Architect Numbers Dwindle at American Academy Honors

Event: American Academy of Arts and Letters 2007 Awards Ceremony
Location: American Academy of Arts and Letters, 05.15.07
Organizers: American Academy of Arts and Letters

American Academy of Arts and Letters

Courtesy American Academy of Arts and Letters

While sparsely represented in the American Academy of Arts and Letters’ membership and awards in general, architects were even further under-represented at this year’s awards ceremony. Every year, architectural achievement is celebrated at the Academy along with figures in literature, fine arts, and musical composition.

Among the nine inductees to the Academy membership this year (a number determined by those of the fixed membership who are no longer with us), the sole architect was Billie Tsien, AIA, who has been producing remarkable buildings with her partner-husband Tod Williams, FAIA. We all know their American Folk Art Museum on West 53rd Street, and some of us have had the pleasure of experiencing their Neurosciences Institute in La Jolla and Phoenix Art Museum. All their work has been joint, but Academy memberships can only be held by individuals, and Tsien is certainly a deserving individual.

Receiving the Academy’s annual Arnold W. Brunner Memorial Prize for Architecture was Eric Owen Moss, FAIA, known mainly for his idiosyncratic adaptations of old industrial buildings in the L.A. suburb of Culver City for the use of high-tech and otherwise hip companies. His adventurous scheme for renovating the Queens Museum of Art was dropped two years ago, and Grimshaw/Ammann and Whitney commissioned for a more modest redo.

Among this year’s 20 winners of Academy Awards (any academy has a right to this phrase) were three architects. Wes Jones of L.A. was cited for works that “celebrate the materials and methods of industrialized production while transforming them into performative instruments that illuminate and give meaning to the human condition.” (How’s that for archi-speak?) Thomas Kundig, FAIA, of Seattle was honored for elegant reinterpretation of Northwest materials, details, and forms (to freely interpret the official jargon). Lebbeus Woods, “an architect-visionary” (says his citation) has long been producing images that are essentially art works on architectural themes.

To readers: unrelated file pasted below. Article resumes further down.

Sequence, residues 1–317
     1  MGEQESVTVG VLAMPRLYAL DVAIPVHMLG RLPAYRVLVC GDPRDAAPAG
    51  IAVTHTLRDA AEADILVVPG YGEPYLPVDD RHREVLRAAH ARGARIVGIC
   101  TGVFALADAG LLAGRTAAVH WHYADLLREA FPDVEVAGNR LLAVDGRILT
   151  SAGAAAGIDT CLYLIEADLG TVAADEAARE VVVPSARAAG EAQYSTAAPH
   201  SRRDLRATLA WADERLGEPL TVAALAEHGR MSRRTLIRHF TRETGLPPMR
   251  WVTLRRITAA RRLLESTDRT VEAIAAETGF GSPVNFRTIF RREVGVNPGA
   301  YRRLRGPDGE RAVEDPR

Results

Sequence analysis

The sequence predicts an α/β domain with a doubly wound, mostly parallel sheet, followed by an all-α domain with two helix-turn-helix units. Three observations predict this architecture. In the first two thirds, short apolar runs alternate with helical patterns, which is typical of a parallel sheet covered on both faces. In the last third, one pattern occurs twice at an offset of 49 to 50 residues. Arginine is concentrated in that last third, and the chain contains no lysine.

Among visual artists recognized this year by the Academy was one who has carried out remarkably successful collaborations with architects, Martin Puryear. Recipient of this year’s Gold Medal for Sculpture, Puryear has worked beautifully with Mitchell/Giurgola Architects and Michael Van Valkenburgh on the lobby and courtyard of the New School for Social Research and on the lighting pylons for the Battery Park City waterfront. His work in the current Academy show is in itself worth the trip to 156 Street.

While the membership roster includes such names as Pei, Cobb, Meier, Eisenman, Gwathmey, Gehry, Pelli, and Polshek among its 16 architects, the only ones visible were the new inductee Tsien, the ever-energized Hugh Hardy, FAIA, and Steven Holl, AIA, the Academy member who very effectively presented this year’s architectural honors. If architects want to maintain their standing in this “arts and letters” organization, more of them ought to be visibly involved.

All architects recognized this year have mounted exhibitions at the Academy’s annual show, on view at 633 West 155 Street through June 10 (Thu-Sun, 1-4pm).